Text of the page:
Beethoven favors to employ such compositional devices to display his passionate fury, at times parodic, and at the other times, seriously designed.
The examples of using these devices are as follows:
Trill figure: Variation no. 6, 16, 21
Arpeggiation: Variation no. 6, 7, 19, 25
Running Scalar Passage: Variation no. 10, 22, 23, 27, 31 and 32.
Beethoven’s unique compositional skill is to cut off a detached, short motive from the main theme to developing the whole piece. The advantage of a short motive is its impressive and catchy nature. One example can be found in Variation no. 9.
Beethoven also likes to create a singable, lyrical melody, also because of its catchy and memorable nature, to form part of the variation. No matter the variation is based on a short, decisive motive or a lengthy cantabile melody, Beethoven displayed it in a catchy solo, or elaborated it with contrapuntal lines, constituting a sonic fabric. Examples are found in Variation no. 3, 4, 11, 12.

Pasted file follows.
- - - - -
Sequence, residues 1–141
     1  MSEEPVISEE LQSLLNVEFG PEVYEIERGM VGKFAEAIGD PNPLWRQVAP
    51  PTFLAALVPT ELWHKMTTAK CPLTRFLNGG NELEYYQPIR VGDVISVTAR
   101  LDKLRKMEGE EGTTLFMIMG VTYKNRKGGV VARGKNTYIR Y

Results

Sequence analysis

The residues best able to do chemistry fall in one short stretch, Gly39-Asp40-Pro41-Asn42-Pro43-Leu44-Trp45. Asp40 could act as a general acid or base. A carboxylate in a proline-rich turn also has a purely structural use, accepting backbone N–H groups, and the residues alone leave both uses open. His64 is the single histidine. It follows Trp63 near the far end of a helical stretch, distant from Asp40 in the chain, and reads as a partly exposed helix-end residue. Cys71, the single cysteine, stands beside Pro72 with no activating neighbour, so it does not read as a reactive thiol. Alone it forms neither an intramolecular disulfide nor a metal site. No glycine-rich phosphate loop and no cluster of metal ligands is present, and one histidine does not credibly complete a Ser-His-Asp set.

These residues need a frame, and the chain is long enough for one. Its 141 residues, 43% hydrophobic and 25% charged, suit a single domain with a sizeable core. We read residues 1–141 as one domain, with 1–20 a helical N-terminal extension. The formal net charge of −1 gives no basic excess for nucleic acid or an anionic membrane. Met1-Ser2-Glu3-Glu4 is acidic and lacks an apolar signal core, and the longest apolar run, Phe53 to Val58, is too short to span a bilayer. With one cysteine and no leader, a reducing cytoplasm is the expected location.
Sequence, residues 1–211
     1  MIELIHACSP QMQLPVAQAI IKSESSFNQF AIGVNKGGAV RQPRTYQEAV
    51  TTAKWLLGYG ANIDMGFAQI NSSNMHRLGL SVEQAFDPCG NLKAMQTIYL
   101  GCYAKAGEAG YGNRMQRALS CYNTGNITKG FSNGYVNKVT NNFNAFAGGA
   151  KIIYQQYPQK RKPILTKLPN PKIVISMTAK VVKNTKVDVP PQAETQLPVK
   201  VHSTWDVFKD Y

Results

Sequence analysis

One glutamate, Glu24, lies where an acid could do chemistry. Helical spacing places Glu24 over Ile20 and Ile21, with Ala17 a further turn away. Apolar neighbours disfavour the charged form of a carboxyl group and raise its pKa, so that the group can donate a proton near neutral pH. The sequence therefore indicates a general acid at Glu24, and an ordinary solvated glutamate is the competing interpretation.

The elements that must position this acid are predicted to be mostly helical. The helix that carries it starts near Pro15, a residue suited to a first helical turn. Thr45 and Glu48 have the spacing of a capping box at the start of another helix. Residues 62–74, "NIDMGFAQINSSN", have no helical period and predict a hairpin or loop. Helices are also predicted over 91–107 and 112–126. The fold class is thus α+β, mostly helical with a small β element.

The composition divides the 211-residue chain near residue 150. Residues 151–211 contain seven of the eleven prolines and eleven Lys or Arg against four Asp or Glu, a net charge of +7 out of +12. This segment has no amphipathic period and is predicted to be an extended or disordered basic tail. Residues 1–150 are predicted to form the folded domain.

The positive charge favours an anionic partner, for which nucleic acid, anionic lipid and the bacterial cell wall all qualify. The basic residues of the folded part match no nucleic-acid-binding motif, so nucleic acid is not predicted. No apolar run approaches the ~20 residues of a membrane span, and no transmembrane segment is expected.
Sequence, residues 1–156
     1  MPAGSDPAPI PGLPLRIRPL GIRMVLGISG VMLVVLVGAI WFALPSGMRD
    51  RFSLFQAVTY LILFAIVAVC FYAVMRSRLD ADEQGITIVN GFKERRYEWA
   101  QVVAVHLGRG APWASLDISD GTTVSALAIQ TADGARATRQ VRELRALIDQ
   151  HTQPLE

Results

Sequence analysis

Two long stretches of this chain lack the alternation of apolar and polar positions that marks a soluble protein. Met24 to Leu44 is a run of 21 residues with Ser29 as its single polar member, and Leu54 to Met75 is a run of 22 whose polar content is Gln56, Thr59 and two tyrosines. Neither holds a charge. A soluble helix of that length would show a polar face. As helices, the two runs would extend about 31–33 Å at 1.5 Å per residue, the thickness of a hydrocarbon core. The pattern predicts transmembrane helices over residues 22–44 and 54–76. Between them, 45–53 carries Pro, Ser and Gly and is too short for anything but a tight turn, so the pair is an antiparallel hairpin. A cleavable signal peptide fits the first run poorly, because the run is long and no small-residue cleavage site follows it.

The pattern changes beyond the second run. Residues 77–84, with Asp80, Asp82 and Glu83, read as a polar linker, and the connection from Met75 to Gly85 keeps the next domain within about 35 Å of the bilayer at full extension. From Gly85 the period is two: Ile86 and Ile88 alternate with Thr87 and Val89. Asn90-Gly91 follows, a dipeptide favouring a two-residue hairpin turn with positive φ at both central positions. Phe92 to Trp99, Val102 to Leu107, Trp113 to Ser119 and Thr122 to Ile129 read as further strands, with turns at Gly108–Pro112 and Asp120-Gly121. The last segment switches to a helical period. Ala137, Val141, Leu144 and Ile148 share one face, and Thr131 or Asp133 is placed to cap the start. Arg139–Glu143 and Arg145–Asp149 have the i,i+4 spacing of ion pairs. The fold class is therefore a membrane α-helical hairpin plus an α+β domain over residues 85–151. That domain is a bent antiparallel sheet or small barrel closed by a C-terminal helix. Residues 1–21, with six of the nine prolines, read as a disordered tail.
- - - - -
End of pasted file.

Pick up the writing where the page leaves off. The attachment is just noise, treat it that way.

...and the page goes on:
Beethoven, as an inventive composer, never forgets to create something new and fresh for his compositions, even for the theme and variations. As such, there is no surprise that Beethoven creates new melodic themes and motives for his Diabelli Variations, sustaining the fresh, impressive characters of the music. Examples are no. 8, 12, 18, 27, 30 and 31.
The rhythmic complex aims to expand a wide range of rhythmic patterns to each variation.
The function of rapid change of rhythmic pattern is for the purpose of adding dramatic and coloristic effects to the variations, as well as creating a shift of meters or metrical accents of the music structure.